Aetna announced yesterday that it has agreed to pay up to $6.27 million and improve its claim-paying practices to settle a lawsuit potentially involving tens of thousands of dentists.
The nationwide lawsuit, filed by the American Dental Association and three individual dentists two years ago, accused Aetna of improperly denying, reducing and delaying claim payments.
The dental association represents about 147,000 dentists nationally. But the number of dentists who will participate in the settlement isn't known.
The latest accord, which is subject to court approval, will provide $4 million in payments to dentists, and $1 million to the ADA Foundation. Dentists can choose to give their portions of the settlement to the foundation.
Aetna also will pay up to $1.25 million to plaintiffs' attorneys, and $7,500 to each of the three individual dentists who represented dentists nationwide. The lawsuit had not been certified yet as a class action, but both sides will ask for certification for the purposes of a settlement.
The agreement, in which Aetna denies the allegations, follows an announcement in May of the company's $470 million class action settlement with physicians. That settlement, also subject to a judge's approval, involves $170 million in cash and $300 million in improvements in business procedures.
Dates to 1995
The latest agreement would cover dentists who served Aetna members from Aug. 15, 1995, through the day a judge gives preliminary approval to the settlement. The agreement will be submitted within a few days to Judge Federico A. Moreno in U.S. District Court in Miami, and a hearing would then be scheduled, said Aetna spokesman David Carter.
Aetna has 11.3 million dental members nationally.
"This agreement marks another important step in Aetna's efforts to lead the industry in building a more efficient health care system and strengthening our working relationship with the health care community," said Dr. John W. Rowe, Aetna's chairman and chief executive, in a written statement.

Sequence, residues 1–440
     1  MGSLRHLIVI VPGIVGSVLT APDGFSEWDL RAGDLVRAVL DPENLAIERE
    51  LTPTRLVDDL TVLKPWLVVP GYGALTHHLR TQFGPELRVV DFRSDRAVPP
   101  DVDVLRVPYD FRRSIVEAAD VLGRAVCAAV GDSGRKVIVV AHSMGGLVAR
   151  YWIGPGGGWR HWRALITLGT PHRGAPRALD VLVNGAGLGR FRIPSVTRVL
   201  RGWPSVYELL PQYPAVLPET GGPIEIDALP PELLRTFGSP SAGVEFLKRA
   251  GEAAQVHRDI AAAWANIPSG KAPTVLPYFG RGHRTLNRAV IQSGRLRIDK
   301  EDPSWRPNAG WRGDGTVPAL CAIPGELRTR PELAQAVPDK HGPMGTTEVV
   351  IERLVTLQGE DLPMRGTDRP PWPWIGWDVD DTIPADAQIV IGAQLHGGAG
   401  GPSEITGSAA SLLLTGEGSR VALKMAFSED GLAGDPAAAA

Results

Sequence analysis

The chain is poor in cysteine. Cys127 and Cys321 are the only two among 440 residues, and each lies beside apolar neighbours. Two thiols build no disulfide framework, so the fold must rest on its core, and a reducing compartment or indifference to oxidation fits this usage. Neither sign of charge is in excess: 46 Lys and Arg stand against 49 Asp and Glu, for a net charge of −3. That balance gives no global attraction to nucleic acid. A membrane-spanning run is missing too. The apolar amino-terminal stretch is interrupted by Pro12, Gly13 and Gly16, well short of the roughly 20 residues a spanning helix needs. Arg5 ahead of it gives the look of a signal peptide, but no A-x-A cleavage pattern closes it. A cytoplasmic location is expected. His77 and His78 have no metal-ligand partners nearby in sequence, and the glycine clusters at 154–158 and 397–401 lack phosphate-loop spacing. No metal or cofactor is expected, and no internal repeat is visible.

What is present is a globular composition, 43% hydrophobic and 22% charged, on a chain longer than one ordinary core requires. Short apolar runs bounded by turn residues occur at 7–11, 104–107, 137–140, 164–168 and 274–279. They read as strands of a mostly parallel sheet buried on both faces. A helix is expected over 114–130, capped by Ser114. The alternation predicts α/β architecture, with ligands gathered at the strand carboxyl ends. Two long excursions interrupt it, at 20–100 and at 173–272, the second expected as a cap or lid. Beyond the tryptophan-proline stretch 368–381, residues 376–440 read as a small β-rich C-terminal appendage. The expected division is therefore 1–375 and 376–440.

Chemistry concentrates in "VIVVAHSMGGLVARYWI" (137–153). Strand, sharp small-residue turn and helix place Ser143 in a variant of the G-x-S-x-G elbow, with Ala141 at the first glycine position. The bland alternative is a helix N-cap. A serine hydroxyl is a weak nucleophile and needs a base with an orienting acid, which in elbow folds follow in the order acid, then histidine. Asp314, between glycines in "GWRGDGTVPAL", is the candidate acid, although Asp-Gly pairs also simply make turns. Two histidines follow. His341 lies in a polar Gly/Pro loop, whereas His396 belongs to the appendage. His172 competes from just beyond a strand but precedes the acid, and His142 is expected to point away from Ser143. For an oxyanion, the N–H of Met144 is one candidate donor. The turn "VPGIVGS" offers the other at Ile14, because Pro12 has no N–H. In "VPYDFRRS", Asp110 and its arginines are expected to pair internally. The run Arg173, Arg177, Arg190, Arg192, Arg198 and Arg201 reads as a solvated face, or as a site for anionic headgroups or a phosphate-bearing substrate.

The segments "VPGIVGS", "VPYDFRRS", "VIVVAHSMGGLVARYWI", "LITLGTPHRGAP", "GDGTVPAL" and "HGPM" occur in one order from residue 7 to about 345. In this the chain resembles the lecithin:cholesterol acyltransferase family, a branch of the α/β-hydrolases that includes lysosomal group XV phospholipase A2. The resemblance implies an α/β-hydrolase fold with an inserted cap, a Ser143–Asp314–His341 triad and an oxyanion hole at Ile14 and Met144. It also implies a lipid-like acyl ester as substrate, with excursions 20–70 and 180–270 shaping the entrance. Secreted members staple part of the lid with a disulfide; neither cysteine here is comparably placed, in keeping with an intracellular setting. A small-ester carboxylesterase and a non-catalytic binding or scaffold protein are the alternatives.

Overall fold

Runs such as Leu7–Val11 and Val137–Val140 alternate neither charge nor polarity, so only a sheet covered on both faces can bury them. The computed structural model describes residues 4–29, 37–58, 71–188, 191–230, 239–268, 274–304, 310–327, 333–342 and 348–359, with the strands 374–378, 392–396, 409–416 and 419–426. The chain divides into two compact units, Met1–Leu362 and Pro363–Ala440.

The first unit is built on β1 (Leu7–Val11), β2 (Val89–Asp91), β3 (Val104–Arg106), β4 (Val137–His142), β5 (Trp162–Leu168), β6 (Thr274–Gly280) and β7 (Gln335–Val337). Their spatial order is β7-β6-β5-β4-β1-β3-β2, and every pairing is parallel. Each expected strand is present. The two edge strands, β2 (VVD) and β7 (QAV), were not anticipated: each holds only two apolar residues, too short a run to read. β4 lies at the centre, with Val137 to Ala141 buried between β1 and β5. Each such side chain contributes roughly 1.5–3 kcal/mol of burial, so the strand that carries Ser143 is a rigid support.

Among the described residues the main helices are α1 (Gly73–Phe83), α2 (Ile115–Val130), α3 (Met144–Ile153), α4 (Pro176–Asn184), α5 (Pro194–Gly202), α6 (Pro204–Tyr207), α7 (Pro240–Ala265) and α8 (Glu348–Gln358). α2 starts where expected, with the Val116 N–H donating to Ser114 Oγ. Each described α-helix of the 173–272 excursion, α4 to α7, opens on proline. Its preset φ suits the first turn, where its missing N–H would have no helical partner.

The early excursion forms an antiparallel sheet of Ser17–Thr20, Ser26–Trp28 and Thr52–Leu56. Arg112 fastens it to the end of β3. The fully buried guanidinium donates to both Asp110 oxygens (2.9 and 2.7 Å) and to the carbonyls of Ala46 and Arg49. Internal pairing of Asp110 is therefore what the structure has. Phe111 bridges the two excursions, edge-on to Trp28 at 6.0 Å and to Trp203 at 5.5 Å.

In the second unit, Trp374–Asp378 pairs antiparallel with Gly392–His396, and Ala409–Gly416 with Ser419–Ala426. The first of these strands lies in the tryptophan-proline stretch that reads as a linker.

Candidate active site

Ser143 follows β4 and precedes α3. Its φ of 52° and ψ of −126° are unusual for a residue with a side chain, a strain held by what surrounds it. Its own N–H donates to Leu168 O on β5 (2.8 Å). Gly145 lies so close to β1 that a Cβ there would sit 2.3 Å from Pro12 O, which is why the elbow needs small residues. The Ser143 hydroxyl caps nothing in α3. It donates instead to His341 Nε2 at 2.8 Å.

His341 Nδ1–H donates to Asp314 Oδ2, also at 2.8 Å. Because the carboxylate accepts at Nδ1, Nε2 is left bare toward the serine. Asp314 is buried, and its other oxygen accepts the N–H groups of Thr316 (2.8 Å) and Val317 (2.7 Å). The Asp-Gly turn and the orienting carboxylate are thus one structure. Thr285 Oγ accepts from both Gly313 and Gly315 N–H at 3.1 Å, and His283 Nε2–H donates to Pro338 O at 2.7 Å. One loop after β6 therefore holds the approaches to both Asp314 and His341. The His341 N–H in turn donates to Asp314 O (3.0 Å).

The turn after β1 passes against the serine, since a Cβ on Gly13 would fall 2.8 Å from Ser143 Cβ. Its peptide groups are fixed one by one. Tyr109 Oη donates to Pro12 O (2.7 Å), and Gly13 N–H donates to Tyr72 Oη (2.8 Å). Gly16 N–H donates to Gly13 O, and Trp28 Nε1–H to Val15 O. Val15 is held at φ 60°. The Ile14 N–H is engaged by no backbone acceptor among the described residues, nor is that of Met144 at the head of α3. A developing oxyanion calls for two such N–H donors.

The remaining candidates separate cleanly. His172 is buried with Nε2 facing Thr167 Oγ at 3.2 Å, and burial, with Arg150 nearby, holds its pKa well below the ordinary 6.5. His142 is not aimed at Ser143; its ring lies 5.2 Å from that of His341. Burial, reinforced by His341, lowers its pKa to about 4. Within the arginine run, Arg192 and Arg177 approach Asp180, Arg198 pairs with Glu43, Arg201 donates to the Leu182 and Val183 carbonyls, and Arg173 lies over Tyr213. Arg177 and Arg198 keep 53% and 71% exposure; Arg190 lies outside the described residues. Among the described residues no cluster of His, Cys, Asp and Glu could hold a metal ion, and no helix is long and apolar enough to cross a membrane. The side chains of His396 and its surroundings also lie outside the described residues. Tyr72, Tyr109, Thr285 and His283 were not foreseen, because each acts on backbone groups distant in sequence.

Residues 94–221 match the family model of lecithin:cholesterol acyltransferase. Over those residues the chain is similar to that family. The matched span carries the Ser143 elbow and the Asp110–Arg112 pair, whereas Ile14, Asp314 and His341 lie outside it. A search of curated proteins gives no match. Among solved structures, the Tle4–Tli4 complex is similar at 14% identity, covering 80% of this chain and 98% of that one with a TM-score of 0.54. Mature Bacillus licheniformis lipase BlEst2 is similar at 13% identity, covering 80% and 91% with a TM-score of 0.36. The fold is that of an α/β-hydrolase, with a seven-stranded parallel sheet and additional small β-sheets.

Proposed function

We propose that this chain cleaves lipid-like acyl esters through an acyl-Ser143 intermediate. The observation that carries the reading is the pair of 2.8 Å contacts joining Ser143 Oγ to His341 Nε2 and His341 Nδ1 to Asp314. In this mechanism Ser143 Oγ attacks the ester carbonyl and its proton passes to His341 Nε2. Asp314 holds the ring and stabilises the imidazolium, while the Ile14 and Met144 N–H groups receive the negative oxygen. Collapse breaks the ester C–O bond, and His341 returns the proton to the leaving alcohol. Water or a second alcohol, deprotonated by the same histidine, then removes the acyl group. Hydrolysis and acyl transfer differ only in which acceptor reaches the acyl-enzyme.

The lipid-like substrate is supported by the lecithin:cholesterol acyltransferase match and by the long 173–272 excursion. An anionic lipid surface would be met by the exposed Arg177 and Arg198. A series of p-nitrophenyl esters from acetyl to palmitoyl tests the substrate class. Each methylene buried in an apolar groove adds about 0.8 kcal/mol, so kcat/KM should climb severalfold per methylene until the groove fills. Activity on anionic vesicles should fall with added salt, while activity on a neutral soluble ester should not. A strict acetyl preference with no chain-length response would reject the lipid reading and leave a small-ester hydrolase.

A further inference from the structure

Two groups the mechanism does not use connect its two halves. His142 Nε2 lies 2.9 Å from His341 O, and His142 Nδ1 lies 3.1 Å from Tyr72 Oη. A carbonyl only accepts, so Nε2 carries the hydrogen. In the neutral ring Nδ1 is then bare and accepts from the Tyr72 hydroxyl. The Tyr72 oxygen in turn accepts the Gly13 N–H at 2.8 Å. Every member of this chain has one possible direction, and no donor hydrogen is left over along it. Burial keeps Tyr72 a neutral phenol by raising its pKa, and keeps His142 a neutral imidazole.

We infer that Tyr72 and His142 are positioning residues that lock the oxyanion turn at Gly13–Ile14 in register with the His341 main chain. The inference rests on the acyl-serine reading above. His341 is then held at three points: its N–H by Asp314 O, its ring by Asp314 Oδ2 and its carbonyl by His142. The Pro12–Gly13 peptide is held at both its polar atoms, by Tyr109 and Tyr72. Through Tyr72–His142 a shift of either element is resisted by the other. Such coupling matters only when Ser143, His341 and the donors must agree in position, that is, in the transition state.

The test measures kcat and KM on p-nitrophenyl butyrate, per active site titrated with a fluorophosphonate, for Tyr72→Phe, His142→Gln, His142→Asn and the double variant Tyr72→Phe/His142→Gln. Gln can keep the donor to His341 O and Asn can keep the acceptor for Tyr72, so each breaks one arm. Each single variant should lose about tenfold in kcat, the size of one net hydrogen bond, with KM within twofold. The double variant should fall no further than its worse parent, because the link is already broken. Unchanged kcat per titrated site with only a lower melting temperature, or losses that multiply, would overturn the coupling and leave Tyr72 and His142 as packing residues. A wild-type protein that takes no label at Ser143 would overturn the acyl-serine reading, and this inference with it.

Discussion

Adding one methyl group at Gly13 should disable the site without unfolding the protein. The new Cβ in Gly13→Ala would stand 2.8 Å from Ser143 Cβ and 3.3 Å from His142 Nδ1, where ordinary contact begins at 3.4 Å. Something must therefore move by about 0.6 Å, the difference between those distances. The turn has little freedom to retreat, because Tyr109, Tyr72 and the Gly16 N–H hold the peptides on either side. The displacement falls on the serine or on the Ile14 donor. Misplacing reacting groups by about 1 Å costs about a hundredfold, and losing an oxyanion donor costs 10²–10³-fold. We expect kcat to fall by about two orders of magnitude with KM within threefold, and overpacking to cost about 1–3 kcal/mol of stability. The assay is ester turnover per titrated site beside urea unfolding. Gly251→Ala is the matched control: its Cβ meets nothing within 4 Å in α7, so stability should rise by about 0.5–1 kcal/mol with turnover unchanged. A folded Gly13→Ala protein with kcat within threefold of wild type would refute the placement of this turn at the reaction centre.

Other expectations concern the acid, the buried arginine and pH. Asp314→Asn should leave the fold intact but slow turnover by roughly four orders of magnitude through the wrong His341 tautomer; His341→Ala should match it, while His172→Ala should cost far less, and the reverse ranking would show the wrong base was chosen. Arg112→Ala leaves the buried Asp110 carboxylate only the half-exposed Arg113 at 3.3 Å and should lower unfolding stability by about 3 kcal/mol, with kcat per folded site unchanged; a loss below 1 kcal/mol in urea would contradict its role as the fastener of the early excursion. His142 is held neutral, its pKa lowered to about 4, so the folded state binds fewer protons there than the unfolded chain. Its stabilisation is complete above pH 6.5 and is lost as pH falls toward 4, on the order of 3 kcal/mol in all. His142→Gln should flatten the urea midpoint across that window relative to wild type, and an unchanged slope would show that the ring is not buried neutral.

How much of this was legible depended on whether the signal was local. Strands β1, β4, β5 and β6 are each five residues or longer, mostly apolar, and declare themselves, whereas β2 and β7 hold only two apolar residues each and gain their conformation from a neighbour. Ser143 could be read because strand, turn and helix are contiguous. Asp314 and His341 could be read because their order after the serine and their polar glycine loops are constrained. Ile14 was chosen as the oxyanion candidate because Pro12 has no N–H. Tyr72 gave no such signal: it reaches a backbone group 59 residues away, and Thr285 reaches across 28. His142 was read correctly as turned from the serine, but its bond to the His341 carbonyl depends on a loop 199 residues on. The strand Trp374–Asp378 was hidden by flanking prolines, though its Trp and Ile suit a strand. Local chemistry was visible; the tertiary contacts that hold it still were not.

Aetna, one of many managed care companies sued by doctors, was the first to settle the major class action litigation with physicians. The insurer, which is based in Hartford, has been making headway in its financial turnaround and in bettering its relationships with health care providers.
The ADA filed a racketeering suit in May against CIGNA, MetLife and Mutual of Omaha, accusing them of shortchanging dentists on pay. CIGNA spokesman Wendell Potter said his company isn't currently in settlement talks with the dentists.
In the Aetna lawsuit, the ADA alleged dentists' bills were manipulated to reduce the amount the insurer would pay. In "bundling," for instance, an insurer combines two or more items on a bill into one. In "downcoding," the insurer changes the codes for services on a bill to codes that entail lower reimbursement.
Aetna agreed not to engage in automatic downcoding or bundling, but reserved the right to reduce inappropriate billing in some cases. The company will post on its Web site its methods relating to those reimbursement practices.
The company also agreed to pay "clean" claims - those with all the necessary information and codes - within 15 days if submitted electronically, and 30 days for paper claims.
The Hartford Courant is a Tribune Publishing newspaper.